Sannyasi Gyanhira is a Board Member of the Living Yoga Society. She has spent over 3 years studying in Ashram with her Guru Swami Niranjanananda and now resides in Vancouver BC. Sn Gyanhira is mother to two blessed, happy, and energetic little boys, ages 2 and 4 years old and in 2017, founded a small business called CommUnity Maternity Shop. On the website of this shop, Gyanhira creates a blog called the Yoga of Motherhood Blog where she writes about the naturally yogic nature and sadhanas of motherhood.
This pandemic has been hard on everyone. Now, we are learning that it has been particularly hard on women, and mothers. Motherhood is beautiful and joyful, yes, yet it also brings big, new challenges every day as our children continue to grow and calls for much personal transformation to meet those challenges. Yet, I have found that oft times discussing the challenges is a bit taboo, since we are supposed to be "selfless, loving mothers," a flat characterization which can make us feel guilty if we are perceived as "complaining" about the tough bits of it. Especially since we know that so many other mothers are undoubtedly facing similar challenges, and yet we don't hear them talking about it. Now, throw in a pandemic that disproportionately affects women and mothers (as well as our elders and others), and the challenges can become greatly amplified.
As you know, I am a woman, and I am a mother. So, let me start by saying that even if you feel you haven't been able to be the parent you wanted to be over the past year, you are not alone. It has scarcely been possible. This pandemic has brought so much suffering to so many people in so many different ways; yet, at the same time, it has also brought a multitude of lessons and opportunities. Opportunities not so much to change, but to find acceptance of one's limitations and those of the situation. Opportunities to soften our rigid perspective. Opportunities to transform our suffering into softness.
We all know that parenthood is a total blessing filled with so much joy, love and connection. We are so grateful. But that is not what I want to talk about today. I want to talk about the challenges. I think we need a safe space for this right now.
Parenthood comes laden with a multitude of simultaneous pressures. I don't need to tell you what they are, you know. Yet, this is precisely what makes it the Yogic practice and lifestyle that it is. The pressure creates the opportunity. In Yoga, the analogy often given is that of a diamond. A diamond endures tremendous pressure from all sides, in the same way that parenting on top of work and everything else can feel like teetering on the edge of overwhelm a great deal of the time, especially when you have little littles. Yet, that pressure transforms a simple hunk of coal into a strong, precious and beautiful diamond. Simply through the transformational power of pressure. Swami Satsangi-ji of Rikhiapeeth has also said that sometimes all one needs to do in life to evolve is endure.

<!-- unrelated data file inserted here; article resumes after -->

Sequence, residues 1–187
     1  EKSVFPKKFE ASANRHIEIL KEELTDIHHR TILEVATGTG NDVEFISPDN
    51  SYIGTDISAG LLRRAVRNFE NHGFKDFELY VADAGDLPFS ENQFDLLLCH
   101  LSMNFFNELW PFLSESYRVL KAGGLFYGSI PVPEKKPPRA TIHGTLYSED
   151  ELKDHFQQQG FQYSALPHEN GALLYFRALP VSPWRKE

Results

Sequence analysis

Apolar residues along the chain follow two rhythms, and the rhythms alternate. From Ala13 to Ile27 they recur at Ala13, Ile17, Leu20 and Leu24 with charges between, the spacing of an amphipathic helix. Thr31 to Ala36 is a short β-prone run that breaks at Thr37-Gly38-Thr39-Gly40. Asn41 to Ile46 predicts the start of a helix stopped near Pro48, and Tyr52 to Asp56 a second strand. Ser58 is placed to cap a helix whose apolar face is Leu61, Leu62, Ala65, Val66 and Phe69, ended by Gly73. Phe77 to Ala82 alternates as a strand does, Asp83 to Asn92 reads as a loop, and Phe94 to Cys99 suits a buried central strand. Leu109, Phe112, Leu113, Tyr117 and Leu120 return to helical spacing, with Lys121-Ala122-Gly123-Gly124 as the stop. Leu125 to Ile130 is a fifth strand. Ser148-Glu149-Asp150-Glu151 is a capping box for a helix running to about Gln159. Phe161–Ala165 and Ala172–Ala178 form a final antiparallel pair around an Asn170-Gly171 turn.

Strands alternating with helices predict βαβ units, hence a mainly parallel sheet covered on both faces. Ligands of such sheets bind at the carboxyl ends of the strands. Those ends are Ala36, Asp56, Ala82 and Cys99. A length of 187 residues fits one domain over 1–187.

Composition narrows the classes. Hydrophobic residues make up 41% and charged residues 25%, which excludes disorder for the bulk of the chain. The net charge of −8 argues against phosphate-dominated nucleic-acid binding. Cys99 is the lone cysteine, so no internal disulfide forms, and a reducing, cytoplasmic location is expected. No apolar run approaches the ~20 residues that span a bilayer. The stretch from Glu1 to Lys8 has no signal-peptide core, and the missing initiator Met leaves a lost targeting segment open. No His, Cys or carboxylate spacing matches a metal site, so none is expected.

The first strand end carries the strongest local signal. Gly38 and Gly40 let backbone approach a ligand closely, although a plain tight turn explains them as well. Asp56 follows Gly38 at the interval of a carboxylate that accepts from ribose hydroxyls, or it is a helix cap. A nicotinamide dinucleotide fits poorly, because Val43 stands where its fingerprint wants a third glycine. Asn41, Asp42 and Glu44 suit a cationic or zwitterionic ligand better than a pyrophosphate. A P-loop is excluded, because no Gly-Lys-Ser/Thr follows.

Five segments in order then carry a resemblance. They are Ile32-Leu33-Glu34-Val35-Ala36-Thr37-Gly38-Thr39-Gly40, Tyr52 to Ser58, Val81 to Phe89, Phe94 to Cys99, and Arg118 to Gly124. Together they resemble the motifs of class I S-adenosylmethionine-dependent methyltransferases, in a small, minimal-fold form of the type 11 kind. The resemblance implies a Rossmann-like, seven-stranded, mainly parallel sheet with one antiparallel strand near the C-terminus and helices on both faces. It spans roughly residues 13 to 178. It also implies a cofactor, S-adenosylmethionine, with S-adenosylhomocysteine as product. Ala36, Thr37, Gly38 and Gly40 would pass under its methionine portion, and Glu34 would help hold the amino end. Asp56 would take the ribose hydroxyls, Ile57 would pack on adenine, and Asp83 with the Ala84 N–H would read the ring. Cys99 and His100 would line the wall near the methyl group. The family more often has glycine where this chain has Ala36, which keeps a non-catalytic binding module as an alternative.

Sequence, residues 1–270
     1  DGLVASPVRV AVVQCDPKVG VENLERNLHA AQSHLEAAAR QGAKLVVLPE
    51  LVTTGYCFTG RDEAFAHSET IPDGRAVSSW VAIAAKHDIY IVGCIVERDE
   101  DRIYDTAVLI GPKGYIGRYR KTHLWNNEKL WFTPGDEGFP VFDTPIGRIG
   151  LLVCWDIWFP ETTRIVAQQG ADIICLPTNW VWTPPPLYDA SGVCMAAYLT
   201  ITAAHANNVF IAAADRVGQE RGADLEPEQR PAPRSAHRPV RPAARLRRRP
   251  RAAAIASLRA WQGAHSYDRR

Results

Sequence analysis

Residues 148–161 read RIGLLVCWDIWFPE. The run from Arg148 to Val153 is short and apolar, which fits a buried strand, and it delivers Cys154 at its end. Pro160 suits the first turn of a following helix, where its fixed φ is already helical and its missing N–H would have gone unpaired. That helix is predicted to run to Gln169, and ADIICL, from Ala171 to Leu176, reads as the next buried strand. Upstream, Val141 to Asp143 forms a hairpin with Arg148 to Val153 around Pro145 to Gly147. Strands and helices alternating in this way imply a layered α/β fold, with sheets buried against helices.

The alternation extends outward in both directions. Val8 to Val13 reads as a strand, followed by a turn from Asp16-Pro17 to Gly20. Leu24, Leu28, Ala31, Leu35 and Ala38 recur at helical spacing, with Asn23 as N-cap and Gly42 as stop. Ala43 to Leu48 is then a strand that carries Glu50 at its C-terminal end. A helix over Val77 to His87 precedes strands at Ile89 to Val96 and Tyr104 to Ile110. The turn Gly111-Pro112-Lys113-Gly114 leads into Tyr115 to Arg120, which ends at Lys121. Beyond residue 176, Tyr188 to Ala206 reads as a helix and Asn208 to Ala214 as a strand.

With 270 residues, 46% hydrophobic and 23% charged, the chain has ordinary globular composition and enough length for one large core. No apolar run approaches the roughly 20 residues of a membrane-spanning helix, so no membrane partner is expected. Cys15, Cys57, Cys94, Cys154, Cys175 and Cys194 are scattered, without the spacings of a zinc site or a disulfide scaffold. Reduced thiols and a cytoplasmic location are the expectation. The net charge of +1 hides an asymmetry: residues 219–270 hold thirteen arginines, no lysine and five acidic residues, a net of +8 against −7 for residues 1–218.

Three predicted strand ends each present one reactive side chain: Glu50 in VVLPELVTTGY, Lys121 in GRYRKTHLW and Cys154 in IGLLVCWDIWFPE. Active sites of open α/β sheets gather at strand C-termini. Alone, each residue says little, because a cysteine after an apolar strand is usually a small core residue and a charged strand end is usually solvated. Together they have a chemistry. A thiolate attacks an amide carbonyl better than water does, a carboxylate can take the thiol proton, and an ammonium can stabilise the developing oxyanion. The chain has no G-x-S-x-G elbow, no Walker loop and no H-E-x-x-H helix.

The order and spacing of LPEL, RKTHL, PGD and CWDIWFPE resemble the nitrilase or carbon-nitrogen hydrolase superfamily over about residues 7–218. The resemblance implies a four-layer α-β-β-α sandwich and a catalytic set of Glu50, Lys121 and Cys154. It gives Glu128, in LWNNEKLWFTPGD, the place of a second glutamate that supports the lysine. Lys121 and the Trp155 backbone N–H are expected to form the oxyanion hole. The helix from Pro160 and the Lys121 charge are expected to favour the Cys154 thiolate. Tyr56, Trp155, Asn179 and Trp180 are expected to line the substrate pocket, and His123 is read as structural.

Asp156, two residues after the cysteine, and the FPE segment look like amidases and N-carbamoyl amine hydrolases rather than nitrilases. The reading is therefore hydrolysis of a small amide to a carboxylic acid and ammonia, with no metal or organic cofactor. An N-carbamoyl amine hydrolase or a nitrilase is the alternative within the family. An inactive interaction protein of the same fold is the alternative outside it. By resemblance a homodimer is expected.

We are not really talking about changing ourselves. When it comes to the hard barrier of the ego, when it undergoes tremendous pressure and difficulty from all sides and becomes totally frustrated and completely exhausted, it is at that moment that it throws its hands up in the air and surrenders. And with that surrender, there comes a great softening and openness. And with that softening and openness, we do not so much change who we are through hard work and so on (after all, the qualities of the heart are already within us, we only need to connect with them), but our perception, understanding and expression naturally tend to shift into the realm of the heart. From the suffering of the ego, into the softness of the heart.
Recently, having been home so much with my 3 and 1 year olds over this past pandemic year, whilst also trying to work a new job from a noisy and more-than-often-interrupted home office, on top of running the household with my partner, I had been starting to feel that immense pressure, fatigue, and frustration to the point where I knew that if I did not figure out how to deal with it in a more positive and Yogic way, that it could have a negative impact on my physical, mental and emotional health. So, being the Yoga aspirant that I am, I took time to stop. I just stopped. I rested. I reflected. I re-focused. And I let the kids watch a lot of TV while I did it.
In Yoga, there is a saying, "There is no noise in the marketplace, and no peace in the Himalayas. Both are within you." I thought about this a lot and what it meant for me and how to apply it in a practical way. I couldn't really do much to change my circumstances, they are what they are right now without a lot of wiggle room. However, something could shift within me. And then I remembered a seemingly minor incident that occurred while I was in the ashram during those 3 years of study.
I had been rushing off from one karma yoga activity to another, as I often was. I was literally running to try to get there on time. Somehow, I tripped when I was stepping up onto the curb from the road, stubbed my toe really, really hard taking a decent chunk of skin off, and fell. I looked to my right (feeling a little embarrassed and kind of hoping nobody was watching), and who was standing there witnessing the entire incident unfold was my Guru, Swami Niranjan-ji. Without saying a word, the message was crystal clear, "slow down. don't run." I have even heard Swamiji say before that, if you end up being late somewhere, better to arrive late and relaxed than to arrive on time and frazzled.